It will be held Saturday, October 25, 2008, from 1:00 pm to 6:00 pm at the Hyatt Regency, Columbus, OH
The organizers of the symposium are asking (details) for a Participation Statement in advance… a one-pager that addresses the topic of “communicating the significance of information behavior research to designers of products, systems and services” through four provided questions. The statement is due today. I just finished my draft. I welcome comments on these thoughts, either before or after I submit it this afternoon :)
I study the sharing and reuse of scientific datasets. When scientists make their collected data openly available (often at personal cost in time and opportunity), they increase the information resources of the scientific community. Other scientists may then choose to examine, critique, aggregate, refine, and repurpose these datasets to achieve efficient scientific progress.
Understanding the behaviours of people and information in this complex system is crucial if we wish to develop and refine policies, tools, and practices for effective research.
- What motivates scientific researchers to share data?
- Are current incentives for voluntary data-sharing effective? How can they be improved?
- Are current data-sharing mandates effective? How can they be improved?
- Does the quality of shared data suffer when the act of sharing is mandated?
- Sharing information transforms Research – does sharing information transform Researchers?
- What motivates researchers to reuse scientific datasets? What obstacles do they encounter?
- Does reusing data in fact lead to more efficient, focused research progress? With what caveats?
- Are the costs of sharing data worth the benefits?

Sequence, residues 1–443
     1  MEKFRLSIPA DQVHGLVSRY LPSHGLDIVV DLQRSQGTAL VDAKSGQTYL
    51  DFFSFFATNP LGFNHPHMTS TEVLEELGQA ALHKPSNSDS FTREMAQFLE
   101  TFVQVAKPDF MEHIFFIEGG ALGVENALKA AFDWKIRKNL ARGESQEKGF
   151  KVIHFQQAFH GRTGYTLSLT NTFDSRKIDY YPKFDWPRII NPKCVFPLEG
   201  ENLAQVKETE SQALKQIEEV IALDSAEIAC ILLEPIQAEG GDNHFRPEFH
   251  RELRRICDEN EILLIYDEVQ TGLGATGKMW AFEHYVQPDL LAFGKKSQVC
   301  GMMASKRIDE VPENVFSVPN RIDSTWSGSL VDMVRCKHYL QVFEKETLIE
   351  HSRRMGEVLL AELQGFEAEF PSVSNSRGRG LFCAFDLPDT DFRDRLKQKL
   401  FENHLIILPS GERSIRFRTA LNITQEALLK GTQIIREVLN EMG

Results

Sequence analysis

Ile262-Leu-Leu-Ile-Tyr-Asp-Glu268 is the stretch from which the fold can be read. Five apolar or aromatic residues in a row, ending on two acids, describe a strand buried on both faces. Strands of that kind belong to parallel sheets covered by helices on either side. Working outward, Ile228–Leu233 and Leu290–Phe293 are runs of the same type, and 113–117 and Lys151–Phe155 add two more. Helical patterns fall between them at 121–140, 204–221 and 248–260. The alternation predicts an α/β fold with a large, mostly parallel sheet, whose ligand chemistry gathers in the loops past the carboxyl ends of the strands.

Three ingredients allow research to make a difference in the real world: we need to make our research relevant, actionable, and accessible.
Relevant: Choose research settings that are as concrete and realistic as possible. Don’t just survey: measure demonstrated behaviour. Don’t just mock-up: observe the users with their native applications. Don’t just invent clean tasks: study users doing the work they really do.
Actionable: Study issues where results can be directly translated into change. For example, focus on how funder and journal policies impact data sharing behaviour, rather than the correlation between data sharing behaviour and the number-of-paper-authors.
Accessible: Publish open access (OA journals, or self-archive on the web). Publish in the journals and conferences of the intended audience. Write without jargon. Organize tutorials, workshops, and bird-of-a-feather sessions at audience conferences. Send letters to journal editors. Volunteer for policy committees and design teams. Blog. Film a video. Share your data. Encourage others to do the same.
As a new member of the information research community, I look forward to learning from the conversation!